Review of Death Mark

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Screenshots can be deceptive. Based on Death Mark’s promotional images, I expected this horror title from Aksys Games to be a first person dungeon crawler. In actuality it is a visual novel with point and click adventure segments. Over the course of five chapters, which took me around six hours to finish, players take control of an amnesiac whose wrist has been branded with the titular Death Mark. At first glance said marking looks like a cool tattoo. Early on in the story however it is revealed that the Death Mark is a curse placed on the protagonist by a vengeful spirit. Unless he is able to rid himself of it, our hero is fated to die within the next few days. Regrettably for him, erasing the Death Mark will prove to be more painful than enduring a session of laser tattoo removal.

OVERVIEW

Death Mark’s hub world is a mansion that once belonged to a paranormal expert. The player controlled character is based there, as he is searching the estate for clues on how to cure his condition. His investigation hasn’t uncovered much, but on the plus side he does find a cute talking doll that resembles a character right out of Rozen Maiden. At the start of each chapter more victims, who have been cursed, show up at the mansion’s doorstep. They seek help with escaping the fate that has befallen them. Unlike the main character, who has no memory of his past, the visitors have some idea of where they got marked. They take the protagonist to said location, hoping that he can defeat the spectre that roams there. In theory, exorcising the ghost should purge the hex it cast on them.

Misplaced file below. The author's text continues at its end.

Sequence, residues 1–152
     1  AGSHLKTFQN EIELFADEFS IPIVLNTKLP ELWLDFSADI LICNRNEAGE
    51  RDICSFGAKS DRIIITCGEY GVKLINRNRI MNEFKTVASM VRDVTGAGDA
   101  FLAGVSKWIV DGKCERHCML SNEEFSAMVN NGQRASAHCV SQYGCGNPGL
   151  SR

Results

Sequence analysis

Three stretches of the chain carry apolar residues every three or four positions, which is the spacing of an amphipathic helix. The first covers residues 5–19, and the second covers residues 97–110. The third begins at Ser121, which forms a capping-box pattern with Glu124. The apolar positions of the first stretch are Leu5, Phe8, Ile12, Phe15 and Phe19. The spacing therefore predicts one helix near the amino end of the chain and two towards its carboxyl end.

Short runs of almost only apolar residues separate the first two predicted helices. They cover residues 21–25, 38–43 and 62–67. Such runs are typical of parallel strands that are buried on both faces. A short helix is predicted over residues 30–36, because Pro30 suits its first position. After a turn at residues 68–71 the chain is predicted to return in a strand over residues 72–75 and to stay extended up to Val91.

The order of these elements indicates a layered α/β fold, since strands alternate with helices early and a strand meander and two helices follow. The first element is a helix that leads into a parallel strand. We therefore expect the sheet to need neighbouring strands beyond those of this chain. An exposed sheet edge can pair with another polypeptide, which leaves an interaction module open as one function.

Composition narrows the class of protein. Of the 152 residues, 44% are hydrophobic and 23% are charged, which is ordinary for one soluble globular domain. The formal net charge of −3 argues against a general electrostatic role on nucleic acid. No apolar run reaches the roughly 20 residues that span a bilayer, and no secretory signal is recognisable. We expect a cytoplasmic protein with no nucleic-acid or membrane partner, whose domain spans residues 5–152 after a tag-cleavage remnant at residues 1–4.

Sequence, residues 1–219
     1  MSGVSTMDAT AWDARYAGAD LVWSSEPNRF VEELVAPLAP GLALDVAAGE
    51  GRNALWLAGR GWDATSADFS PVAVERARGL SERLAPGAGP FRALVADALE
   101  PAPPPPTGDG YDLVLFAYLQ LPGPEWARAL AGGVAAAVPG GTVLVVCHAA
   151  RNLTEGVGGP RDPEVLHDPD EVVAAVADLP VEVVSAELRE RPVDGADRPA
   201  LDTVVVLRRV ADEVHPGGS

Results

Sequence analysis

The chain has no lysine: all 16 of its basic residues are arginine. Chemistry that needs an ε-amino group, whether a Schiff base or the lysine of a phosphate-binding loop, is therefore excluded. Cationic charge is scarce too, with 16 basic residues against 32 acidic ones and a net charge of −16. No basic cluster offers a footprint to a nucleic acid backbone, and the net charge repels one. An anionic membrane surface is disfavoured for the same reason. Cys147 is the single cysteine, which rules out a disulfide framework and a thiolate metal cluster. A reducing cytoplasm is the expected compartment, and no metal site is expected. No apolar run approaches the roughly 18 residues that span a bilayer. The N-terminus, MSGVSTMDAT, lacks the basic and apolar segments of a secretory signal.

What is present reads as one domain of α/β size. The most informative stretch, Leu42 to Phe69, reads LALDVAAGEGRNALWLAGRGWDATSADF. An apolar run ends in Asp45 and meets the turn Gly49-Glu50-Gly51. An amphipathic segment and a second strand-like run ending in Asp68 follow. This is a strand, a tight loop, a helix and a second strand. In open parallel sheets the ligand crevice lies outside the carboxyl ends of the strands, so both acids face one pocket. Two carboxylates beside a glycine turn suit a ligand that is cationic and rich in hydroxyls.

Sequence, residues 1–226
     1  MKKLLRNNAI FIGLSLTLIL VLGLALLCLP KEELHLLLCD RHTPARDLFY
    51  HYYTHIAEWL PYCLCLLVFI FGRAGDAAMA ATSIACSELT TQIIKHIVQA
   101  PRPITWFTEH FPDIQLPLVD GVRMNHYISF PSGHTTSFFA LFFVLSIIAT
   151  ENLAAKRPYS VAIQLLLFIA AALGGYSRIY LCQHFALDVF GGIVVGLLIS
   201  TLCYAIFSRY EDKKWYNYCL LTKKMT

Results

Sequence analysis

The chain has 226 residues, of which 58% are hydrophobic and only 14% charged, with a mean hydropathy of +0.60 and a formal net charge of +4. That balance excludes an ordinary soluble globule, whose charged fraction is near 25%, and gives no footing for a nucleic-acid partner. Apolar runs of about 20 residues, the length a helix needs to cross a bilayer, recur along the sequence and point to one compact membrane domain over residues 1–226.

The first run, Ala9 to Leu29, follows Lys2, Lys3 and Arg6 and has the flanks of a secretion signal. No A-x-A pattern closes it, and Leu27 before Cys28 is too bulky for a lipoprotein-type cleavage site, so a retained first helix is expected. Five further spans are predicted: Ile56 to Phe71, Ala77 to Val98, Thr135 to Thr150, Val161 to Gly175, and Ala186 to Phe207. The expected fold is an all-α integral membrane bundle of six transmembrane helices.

By using the d-pad players can navigate each area. The levels available to explore include a sewer, an abandoned school and a forest frequented by suicidal folk. Crikey, this game is starting to sound like a Logan Paul simulator! Via the use of the analogue stick players can aim a flashlight, which is used to examine objects and pick up items. The inventory procured is in turn used to solve puzzles. Pretty standard stuff. Open a locked door with a key, use bug spray to kill bees that block your path and um, repair an elevator with condoms. Wow, I don’t recall MacGyver ever doing anything like that. Items are also required to defeat the phantoms you encounter. Every now and then the player is placed in perilous Life or Death situations. These come in the form of timed events, were an action needs to be selected from a multiple choice list of options. Picking the wrong response will result in damage and potential death.

VERDICT